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review– LIAR’S MOON, Library Journal

Kimball’s first novel since the well-received Harvesting Ballads, examines the expansion toward the Western United States in the years following the Civil War through the eyes of blacks and Native Americans, generally underrepresented in the history of this period. In this novel, which intercuts among different stories, narrators, and time periods, we see newly freed slaves searching for a place to live and rebuffed at every turn; a Texas girl, kidnapped by Indians, betrothed to a kind brave who eventually becomes part of Buffalo Bill’s Wild West Show; and a young toddler’s being raised by coyotes, only to be discovered by his kin later and retrained to be “human.” This certainly is a unique book: a literary Western that forgoes the traditional genre conventions, putting the “action” in the background and emphasizing how these characters deal with what little the West really had to offer them. Kimball’s deromanticized tales will find an audience interested in an alternative view of the late 1800s the History Channel doesn’t provide.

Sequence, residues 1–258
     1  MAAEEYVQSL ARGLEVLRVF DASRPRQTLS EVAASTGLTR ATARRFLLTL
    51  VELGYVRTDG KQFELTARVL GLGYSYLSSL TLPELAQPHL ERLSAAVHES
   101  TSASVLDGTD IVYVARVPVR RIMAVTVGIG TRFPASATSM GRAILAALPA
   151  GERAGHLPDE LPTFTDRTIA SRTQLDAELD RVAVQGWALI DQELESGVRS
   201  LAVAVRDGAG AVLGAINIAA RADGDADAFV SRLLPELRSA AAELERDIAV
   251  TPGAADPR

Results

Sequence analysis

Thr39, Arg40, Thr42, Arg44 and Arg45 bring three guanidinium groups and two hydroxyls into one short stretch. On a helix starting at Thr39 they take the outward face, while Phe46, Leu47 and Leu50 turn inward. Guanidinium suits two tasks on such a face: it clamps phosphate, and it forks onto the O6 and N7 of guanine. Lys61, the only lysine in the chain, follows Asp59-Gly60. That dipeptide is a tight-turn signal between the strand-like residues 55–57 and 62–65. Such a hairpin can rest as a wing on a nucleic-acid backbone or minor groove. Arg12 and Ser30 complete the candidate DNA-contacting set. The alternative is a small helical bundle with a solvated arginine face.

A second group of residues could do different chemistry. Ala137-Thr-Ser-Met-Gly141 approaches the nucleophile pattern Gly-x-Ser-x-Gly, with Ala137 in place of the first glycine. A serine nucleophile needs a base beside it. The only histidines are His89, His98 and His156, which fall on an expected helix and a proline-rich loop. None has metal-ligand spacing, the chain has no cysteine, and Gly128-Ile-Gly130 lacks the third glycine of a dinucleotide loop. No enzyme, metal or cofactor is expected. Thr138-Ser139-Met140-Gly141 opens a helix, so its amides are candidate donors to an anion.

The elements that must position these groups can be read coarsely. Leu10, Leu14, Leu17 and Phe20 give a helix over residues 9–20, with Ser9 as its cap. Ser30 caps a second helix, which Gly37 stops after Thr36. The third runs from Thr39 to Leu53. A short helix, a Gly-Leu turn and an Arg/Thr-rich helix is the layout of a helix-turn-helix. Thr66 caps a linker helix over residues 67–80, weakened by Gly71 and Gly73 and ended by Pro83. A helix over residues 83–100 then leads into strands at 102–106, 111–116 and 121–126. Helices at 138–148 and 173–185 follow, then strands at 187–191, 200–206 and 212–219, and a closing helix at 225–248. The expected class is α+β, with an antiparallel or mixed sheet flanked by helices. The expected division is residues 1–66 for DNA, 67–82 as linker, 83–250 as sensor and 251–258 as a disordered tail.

-Marc A. Kloszewski